Sentence Examples with the word omnivorous

Wagner was always an omnivorous reader, and books were then, as now, both cheaper than music and easier to read.

WILLIAM AMES (1576-1633), English Puritan divine, better known, especially in Europe, as Amesius, was born of an ancient family at Ipswich, Suffolk, in 1576, and was educated at the local grammar school and at Christ's College, Cambridge, where, as throughout his life, he was an omnivorous student.

The mezankoorie moth of the Assamese, Antheraea mezankooria, yields a valuable cocoon, as does also the Atlas moth, Attacus atlas, which has an omnivorous larva found throughout India, Ceylon, Burmah, China and Java.

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For like certain other omnivorous roving lovers that might be named, my Lord Whale has no taste for the nursery, however much for the bower; and so, being a great traveller, he leaves his anonymous babies all over the world; every baby an exotic.

Both species agree in their predaceous habits, omnivorous diet and great fecundity.

From this point of view the various adaptive modifications of mammalian dentition may be roughly grouped under the headings of piscivorous, carnivorous, insectivorous, omnivorous and herbivorous.

He was all his life an omnivorous reader of the best books in very varied fields of literature, and he developed to an unusual degree the faculty of digesting and remembering what he has read.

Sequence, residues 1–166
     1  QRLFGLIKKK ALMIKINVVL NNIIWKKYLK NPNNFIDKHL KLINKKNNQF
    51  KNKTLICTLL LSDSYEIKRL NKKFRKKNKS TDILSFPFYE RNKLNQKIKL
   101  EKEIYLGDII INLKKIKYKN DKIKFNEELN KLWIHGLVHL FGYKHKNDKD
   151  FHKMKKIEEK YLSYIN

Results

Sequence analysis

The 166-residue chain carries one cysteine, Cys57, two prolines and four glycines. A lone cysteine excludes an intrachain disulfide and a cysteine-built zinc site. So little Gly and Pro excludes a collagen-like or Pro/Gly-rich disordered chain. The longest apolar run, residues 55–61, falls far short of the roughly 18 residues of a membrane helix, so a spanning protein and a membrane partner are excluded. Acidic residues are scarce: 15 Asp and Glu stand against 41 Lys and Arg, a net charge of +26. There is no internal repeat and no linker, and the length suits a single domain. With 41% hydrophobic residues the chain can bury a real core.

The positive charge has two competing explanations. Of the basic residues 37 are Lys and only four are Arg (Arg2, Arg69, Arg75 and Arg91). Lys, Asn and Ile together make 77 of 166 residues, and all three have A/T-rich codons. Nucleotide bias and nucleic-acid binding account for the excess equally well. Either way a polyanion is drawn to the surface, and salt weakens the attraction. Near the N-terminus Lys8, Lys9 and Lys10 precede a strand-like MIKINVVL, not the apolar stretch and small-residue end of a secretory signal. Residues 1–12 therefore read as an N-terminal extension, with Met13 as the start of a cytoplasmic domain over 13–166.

Many, perhaps the majority, of the Crustacea are omnivorous or carrion-feeders, but many are actively predatory in their habits, and are provided with more or less complex and efficient instruments for capturing their prey, and there are also many planteaters.

In England (1838) his omnivorous reading in literature, history and jurisprudence made him persona grata to leaders of thought.

In the omnivorous type, as exemplified in man and monkeys, and to a less specialized degree in swine, the incisors are of moderate and nearly equal size; the canines, if enlarged, serve for other purposes than holding prey, and such enlargement is usually confined to those of the males; while the cheek-teeth have broad flattened crowns surmounted by rounded bosses, or tubercles.